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Old 07-21-2010, 05:04 AM   #1
David Yap
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Henry Wang sifu's no touch

Hi all,

I was directed to this website by one of Henry Wang sifu's students from Singapore. Wang sifu is now based in BC, Canada.

Interesting videos:

http://www.searchcentertaichi.com/notouch.html

David Y
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Old 07-21-2010, 07:30 AM   #2
Marc Abrams
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Re: Henry Wang sifu's no touch

Quote:
David Yap wrote: View Post
Hi all,

I was directed to this website by one of Henry Wang sifu's students from Singapore. Wang sifu is now based in BC, Canada.

Interesting videos:

http://www.searchcentertaichi.com/notouch.html

David Y
David:

My issue with this is not whether or not this person can project energy. This issue is with the people amplifying and reacting in a non-sensible manner to what they might be experiencing.

Marc Abrams
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Old 07-21-2010, 07:38 AM   #3
AllanF
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Re: Henry Wang sifu's no touch

I'm afraid my issue is exactly if the person can project energy without touching or not and would be happy to call him on it as i have done with people here in China. So far, for some strange reason it only seems to work on their students!
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Old 07-21-2010, 08:16 AM   #4
mickeygelum
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Re: Henry Wang sifu's no touch

Quote:
for some strange reason it only seems to work on their students!
....So very true..

Without getting into the point-by-point failings in body mechanics, of the so-called ukes, why is it so difficult to say " This is not real "

Another example of why the world thinks Aikido is ox feces.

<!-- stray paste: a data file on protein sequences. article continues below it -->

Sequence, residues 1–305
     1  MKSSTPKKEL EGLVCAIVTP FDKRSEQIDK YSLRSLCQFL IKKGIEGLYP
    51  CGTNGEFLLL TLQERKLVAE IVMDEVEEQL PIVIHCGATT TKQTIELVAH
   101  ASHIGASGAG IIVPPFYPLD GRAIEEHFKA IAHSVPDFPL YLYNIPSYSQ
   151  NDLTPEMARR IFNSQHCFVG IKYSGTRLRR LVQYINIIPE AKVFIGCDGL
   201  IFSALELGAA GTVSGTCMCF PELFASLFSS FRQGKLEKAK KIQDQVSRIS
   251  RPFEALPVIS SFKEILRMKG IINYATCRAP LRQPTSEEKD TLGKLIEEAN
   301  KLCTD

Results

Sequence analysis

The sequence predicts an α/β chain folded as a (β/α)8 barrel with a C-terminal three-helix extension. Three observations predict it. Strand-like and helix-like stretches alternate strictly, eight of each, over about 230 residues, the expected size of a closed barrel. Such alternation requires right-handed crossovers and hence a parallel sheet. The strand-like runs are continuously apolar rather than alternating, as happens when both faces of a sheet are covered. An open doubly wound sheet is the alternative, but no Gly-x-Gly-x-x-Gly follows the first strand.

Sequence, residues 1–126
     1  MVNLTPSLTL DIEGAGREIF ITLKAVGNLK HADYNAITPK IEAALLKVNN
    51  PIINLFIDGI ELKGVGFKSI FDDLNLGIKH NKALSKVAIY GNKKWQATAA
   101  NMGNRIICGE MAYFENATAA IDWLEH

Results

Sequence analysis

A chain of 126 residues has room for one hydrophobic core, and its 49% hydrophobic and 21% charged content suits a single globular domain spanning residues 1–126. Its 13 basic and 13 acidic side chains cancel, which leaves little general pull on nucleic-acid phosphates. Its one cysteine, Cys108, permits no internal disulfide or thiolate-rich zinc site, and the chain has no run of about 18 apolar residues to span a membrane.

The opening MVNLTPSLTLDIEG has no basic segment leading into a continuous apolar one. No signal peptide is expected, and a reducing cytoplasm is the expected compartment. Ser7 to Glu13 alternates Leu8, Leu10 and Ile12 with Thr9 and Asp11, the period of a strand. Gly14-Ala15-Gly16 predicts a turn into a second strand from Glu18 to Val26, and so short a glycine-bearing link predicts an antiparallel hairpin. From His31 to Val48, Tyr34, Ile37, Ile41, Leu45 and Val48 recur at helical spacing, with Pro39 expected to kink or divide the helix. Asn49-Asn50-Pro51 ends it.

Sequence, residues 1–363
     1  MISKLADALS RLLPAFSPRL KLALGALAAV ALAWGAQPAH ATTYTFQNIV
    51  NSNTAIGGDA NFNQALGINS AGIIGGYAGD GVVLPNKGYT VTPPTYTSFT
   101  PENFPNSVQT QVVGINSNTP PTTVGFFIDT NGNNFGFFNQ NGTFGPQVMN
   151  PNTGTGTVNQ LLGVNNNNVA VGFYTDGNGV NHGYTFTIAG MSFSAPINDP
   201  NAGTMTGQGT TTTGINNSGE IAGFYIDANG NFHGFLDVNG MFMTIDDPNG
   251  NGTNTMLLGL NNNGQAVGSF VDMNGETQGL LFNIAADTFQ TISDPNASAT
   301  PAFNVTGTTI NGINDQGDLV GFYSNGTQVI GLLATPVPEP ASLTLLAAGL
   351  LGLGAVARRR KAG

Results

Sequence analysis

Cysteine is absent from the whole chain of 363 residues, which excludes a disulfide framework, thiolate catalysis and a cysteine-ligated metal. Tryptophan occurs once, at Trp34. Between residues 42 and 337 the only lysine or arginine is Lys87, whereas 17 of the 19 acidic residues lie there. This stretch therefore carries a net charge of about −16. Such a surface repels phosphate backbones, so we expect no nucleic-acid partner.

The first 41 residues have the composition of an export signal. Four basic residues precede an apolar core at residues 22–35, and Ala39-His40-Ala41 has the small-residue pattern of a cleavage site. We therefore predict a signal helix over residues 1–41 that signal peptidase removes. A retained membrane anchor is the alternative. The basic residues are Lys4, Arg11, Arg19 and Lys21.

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Old 07-21-2010, 09:03 AM   #5
Mike Sigman
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Re: Henry Wang sifu's no touch

Quote:
David Yap wrote: View Post
Hi all,

I was directed to this website by one of Henry Wang sifu's students from Singapore. Wang sifu is now based in BC, Canada.

Interesting videos:

http://www.searchcentertaichi.com/notouch.html
Henry Wang's group has a reputation that is a lot closer to that of a cult than anything else. Hence the fairly obvious cooperation between teacher and student.

Here's an old video of Ma Yueh Liang, who had a fairly good reputation as a fighter when he was younger.... but note the over-deference from his student (good push-away, though). Ma could generate a lot of power without seeing the shoulders so involved like you see with Wang's side pushes.

http://www.youtube.com/watch?v=xSyue...eature=related

About the closest you can get to "myterious" level power in actuality is something like this 94-year-old had developed over the years (I suspect he was very powerful in his prime):

http://www.youtube.com/watch?v=KZdtM...eature=related

Of course, this kind of stuff isn't just relegated to Taiji, etc. You can find a lot it in too many places.

FWIW

Mike Sigman
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Old 07-21-2010, 09:26 AM   #6
David Orange
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Re: Henry Wang sifu's no touch

Quote:
Mike Sigman wrote: View Post
Here's an old video of Ma Yueh Liang, who had a fairly good reputation as a fighter when he was younger.... but note the over-deference from his student (good push-away, though).
Here's an older clip of Ma Yueh Liang:

http://www.youtube.com/watch?v=RHQv6fLpIoI

Cheers.

David

"That which has no substance can enter where there is no room."
Lao Tzu

"Eternity forever!"

www.davidorangejr.com
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Old 07-21-2010, 09:42 AM   #7
Mike Sigman
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Re: Henry Wang sifu's no touch

I never met Ma Yueh Liang, but I saw his son, Ma Jiang Bao, in Holland once. They're both recognizably of Mongolian origin (not Han Chinese), but what has caught my eye about them is that they appear to use some sort of qigong that really expands and strengthens their middle. Up close with MJB I was struck by this. And of course the ability to send someone away with little movement us directly related to the power of the abdominal region, in the qigong sense.

FWIW

Mike Sigman
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Old 07-21-2010, 10:49 AM   #8
David Orange
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Re: Henry Wang sifu's no touch

Quote:
Mike Sigman wrote: View Post
...the ability to send someone away with little movement us directly related to the power of the abdominal region, in the qigong sense.
Mike, can you elaborate on how that physically functions? Especially when we see the opponent touching the forearm and being forcibly repelled with very little movement of the arm?